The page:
Extroverts and introverts, on the other hand, can both struggle with this.

Extroverted salespeople may make their customers feel too rushed and pressured. This can result from a lack of analyzing the customer’s needs, which hinders the extroverted salesperson from thinking of ways to meet those specific needs.

Introverted salespeople may be so analytical that they come across as unfriendly. They may overanalyze and plan the conversation ahead to a fault, which is likely to stop them from seamlessly adjusting the conversation based on the customer’s specific personality and needs.

4. They are persistent without being overly aggressive.

rp_78163499-1024x697.jpgVery extroverted salespeople can occasionally be pushy, turning off buyers.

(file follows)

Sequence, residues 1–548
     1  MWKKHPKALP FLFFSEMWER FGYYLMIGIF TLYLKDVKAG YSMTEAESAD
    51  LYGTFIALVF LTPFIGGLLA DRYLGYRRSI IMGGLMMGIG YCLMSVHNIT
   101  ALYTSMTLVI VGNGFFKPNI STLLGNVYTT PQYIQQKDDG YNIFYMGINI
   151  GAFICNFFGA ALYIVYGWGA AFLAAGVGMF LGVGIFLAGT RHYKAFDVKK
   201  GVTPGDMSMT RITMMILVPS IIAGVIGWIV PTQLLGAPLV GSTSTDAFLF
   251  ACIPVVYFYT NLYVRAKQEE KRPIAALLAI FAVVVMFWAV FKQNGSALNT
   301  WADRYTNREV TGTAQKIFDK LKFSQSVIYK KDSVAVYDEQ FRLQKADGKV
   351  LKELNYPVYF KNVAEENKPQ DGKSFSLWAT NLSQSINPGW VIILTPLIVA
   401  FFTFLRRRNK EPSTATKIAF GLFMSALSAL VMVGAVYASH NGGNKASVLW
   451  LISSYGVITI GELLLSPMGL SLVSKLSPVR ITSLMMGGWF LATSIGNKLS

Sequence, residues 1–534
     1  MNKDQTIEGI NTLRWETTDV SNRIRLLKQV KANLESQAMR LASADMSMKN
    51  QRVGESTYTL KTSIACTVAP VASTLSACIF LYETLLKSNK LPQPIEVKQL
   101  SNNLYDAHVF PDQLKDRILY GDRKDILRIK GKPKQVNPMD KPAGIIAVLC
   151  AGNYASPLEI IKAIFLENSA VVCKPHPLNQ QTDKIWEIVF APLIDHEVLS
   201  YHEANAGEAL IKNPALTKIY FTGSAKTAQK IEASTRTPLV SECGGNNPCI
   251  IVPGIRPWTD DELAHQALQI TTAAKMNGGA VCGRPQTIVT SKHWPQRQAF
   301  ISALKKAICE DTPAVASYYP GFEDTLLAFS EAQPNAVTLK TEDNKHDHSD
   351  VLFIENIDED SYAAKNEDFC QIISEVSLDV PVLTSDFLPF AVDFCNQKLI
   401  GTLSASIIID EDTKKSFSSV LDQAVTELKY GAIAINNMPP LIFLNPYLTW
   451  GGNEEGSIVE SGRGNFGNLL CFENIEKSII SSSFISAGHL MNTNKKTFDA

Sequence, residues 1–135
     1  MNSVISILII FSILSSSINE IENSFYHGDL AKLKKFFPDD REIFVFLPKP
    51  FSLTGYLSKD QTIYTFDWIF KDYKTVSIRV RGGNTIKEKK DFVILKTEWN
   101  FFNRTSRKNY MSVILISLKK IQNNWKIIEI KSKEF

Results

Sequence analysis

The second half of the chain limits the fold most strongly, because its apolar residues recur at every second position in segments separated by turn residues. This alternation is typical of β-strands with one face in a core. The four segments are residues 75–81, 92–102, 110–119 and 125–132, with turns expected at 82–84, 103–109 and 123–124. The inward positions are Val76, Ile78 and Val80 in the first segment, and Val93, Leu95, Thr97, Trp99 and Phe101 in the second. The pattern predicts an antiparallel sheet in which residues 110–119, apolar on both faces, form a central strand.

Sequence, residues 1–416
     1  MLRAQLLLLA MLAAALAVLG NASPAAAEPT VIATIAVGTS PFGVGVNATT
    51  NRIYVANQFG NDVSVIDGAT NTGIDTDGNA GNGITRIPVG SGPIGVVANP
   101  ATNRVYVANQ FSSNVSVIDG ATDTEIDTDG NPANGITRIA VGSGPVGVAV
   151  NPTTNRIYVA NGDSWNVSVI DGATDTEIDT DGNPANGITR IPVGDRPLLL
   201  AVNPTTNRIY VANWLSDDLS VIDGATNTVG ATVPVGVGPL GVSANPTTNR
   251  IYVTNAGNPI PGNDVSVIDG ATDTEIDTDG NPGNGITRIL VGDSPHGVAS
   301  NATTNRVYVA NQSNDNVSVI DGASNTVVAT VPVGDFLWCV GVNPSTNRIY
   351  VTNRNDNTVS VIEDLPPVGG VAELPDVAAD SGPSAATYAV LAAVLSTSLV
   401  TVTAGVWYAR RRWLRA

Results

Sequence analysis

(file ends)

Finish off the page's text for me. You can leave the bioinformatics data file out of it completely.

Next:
On the other hand, very introverted salespeople may fear rejection to the point where they are not pushy enough.

Ambiverts tend to find the right balance between informing the customer and pushing the customer to make a purchase. They often possess an intuitive understanding of their customers’ emotions, and this allows them to adjust their aggressiveness based on what approach they feel will work best with each specific customer.

5. They often have the Drive that is needed to get top results.

A successful salesperson is an achievement-oriented salesperson. While ambiverts may not be as outwardly expressive as extroverts, an incredibly Driven person may be hiding behind the ambivert’s calm exterior.